Have someone stand next to you and time how many sit-to-stands you can perform in 30 seconds. To ensure proper technique, cross your arms, keep your feet flat, sit back to the back rest, and achieve a full standing position.

How many repetitions did you complete in 30 seconds?

The below graph illustrates a below average score for ages beyond 60 for men and women.

Balance and falls prevention

If you completed less than the above score for your age and gender, your risk of falls is greater than it could be.

Simply completing a greater number of sit-to-stands every days should see your leg strength improve and associated falls risk reduce. Try performing 10 reps each morning, lunchtime and evening as a daily habit. For a more comprehensive approach, consult with an Exercise Physiologist to develop a suitable lower-body strengthening program to know you’re doing all you can to build strong legs and better balance.


Has your gait (walking) changed recently?

Some patterns of gait disturbance arise particularly in old age, which can be traced back to sensory deficits. Stability, or lack thereof, is an important marker of gait in the elderly (1).

‘Worse’ gait is defined as:

  • Increased gait variability (step-to-step variations);
  • Shorter stride/step length;
  • Slower walking speed;
  • Increased % of the gait cycle spent in double-leg support and stance;
  • Decreased stride width with increased stride width variability, and
  • Less accurate tandem walking.

If you’ve noticed a deterioration in your walking recently, try the following…

Set up a camera in your hallway or backyard and walk back and forwards towards it a handful of times.

Do you notice an inability to walk in a straight line?

Are some steps narrow, and some wider?

Do you hear your feet scuffing against the ground? 

In assessing falls risk, studies show that adults at high risk of falling demonstrate a significantly slower gait speed as a result of shorter step length (3).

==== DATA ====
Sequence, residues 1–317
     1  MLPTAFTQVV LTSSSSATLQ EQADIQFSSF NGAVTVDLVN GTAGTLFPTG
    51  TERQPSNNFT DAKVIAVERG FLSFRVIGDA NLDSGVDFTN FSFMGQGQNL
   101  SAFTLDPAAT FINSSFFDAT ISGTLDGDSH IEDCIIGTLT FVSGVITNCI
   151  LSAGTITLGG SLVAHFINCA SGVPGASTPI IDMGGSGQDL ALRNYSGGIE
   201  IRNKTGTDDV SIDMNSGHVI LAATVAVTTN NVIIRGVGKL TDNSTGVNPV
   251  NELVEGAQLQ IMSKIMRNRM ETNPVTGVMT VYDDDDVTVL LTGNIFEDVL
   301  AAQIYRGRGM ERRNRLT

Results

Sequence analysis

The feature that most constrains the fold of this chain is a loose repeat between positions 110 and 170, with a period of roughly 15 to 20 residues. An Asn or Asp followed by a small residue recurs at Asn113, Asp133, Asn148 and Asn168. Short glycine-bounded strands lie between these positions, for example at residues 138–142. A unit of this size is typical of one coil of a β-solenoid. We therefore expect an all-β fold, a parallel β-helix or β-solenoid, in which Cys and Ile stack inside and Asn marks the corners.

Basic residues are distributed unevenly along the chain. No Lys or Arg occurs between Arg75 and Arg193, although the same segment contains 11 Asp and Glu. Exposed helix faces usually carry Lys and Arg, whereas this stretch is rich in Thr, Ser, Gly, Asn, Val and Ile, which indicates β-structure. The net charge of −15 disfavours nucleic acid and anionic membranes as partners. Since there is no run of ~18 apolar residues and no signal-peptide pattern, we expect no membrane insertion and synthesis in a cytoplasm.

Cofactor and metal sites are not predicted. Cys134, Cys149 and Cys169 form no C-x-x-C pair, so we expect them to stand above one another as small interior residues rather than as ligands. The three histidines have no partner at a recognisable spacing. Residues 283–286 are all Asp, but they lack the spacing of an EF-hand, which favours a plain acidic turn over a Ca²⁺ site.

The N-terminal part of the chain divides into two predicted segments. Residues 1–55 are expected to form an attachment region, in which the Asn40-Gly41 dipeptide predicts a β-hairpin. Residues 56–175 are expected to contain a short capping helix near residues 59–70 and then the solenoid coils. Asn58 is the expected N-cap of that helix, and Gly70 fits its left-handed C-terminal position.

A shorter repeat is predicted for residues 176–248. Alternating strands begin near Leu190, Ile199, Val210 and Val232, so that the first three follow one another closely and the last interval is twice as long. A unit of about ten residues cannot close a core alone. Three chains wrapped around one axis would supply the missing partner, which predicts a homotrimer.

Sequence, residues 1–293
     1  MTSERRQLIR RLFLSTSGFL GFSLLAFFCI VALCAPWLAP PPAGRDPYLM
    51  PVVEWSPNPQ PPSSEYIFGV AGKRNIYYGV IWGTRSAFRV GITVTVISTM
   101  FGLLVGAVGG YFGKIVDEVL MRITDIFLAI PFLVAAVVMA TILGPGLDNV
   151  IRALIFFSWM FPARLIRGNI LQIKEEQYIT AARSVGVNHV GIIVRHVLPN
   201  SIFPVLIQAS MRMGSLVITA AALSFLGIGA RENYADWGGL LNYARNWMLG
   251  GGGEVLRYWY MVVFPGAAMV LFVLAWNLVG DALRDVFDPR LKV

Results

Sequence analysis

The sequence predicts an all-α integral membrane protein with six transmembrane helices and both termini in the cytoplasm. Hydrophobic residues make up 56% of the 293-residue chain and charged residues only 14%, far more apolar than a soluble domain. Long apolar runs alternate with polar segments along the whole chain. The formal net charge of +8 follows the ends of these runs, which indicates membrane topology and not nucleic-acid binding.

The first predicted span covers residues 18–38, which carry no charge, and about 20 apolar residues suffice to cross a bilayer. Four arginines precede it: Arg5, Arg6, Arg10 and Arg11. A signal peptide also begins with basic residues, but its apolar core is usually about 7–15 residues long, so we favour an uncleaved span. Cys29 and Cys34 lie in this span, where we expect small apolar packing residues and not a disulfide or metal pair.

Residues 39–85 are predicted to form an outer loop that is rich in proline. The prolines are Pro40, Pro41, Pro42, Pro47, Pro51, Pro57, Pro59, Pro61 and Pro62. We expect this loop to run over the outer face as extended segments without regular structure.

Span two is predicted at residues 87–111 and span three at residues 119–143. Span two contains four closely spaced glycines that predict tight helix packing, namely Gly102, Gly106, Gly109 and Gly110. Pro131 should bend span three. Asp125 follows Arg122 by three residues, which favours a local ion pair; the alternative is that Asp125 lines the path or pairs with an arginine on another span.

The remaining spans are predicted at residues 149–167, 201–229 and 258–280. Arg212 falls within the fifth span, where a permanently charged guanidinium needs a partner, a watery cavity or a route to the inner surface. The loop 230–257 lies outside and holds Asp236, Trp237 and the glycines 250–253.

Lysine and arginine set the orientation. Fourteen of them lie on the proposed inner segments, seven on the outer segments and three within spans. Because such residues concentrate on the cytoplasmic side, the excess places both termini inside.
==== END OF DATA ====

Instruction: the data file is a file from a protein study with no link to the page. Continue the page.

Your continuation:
If you’ve noticed that you can’t keep up with your partner at the shops, or a general tendency that you’re slowing down, it could be time to ask for help.

The strongest indicator for falls risk is of course suffering frequent falls. Have you had a fall recently, and recognise a loss of confidence in tackling day to day activities?

Has your walking slowed down? Did you score below your age norm for the 30s sit-to-stand test? Was standing with feet together and eyes closed more difficult than you expected?

Next step

Having read the above, you now know the indicators for deteriorating balance – the good news is that with frequent balance training, balance can be improved at any age. We’ve helped patients of all ages, including patients in their 80s and 90s improve their balance via guided, safe and appropriate balance and strength training.

To gain the best support in this area, call Restart on 1300 899 757 or book online today.


  1. Osaba, M.Y., Rao, A.K., Agrawal, S.K. Balance and gait in the elderly: A contemporary review. Laryngoscope Investig Otolaryngol Feb; 4(1): 143–153 (2019). doi: 1002/lio2.252
  2. Injury Matters: Prevention to Recovery, retrieved 19th June 2023 from
  3. Figueiro MG, Plitnick B, Rea MS, Gras LZ, Rea MS. Lighting and perceptual cues: effects on gait measures of older adults at high and low risk for falls. BMC Geriatr2011;11:49.
  4. Australian Institute of Health and Welfare, retrieved 19th June 2023 from
  5. Morri, M., Ambrosi, E., Chiari, P. et al.One-year mortality after hip fracture surgery and prognostic factors: a prospective cohort study. Sci Rep 9, 18718 (2019).